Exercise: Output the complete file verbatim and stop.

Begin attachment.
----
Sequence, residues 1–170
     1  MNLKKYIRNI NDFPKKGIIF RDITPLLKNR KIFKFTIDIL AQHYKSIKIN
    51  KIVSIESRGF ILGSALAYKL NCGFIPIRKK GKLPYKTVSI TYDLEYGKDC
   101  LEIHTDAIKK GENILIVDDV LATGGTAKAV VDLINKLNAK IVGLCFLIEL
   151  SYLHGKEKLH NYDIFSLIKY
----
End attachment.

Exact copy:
Sequence, residues 1–170
     1  MNLKKYIRNI NDFPKKGIIF RDITPLLKNR KIFKFTIDIL AQHYKSIKIN
    51  KIVSIESRGF ILGSALAYKL NCGFIPIRKK GKLPYKTVSI TYDLEYGKDC
   101  LEIHTDAIKK GENILIVDDV LATGGTAKAV VDLINKLNAK IVGLCFLIEL
   151  SYLHGKEKLH NYDIFSLIKY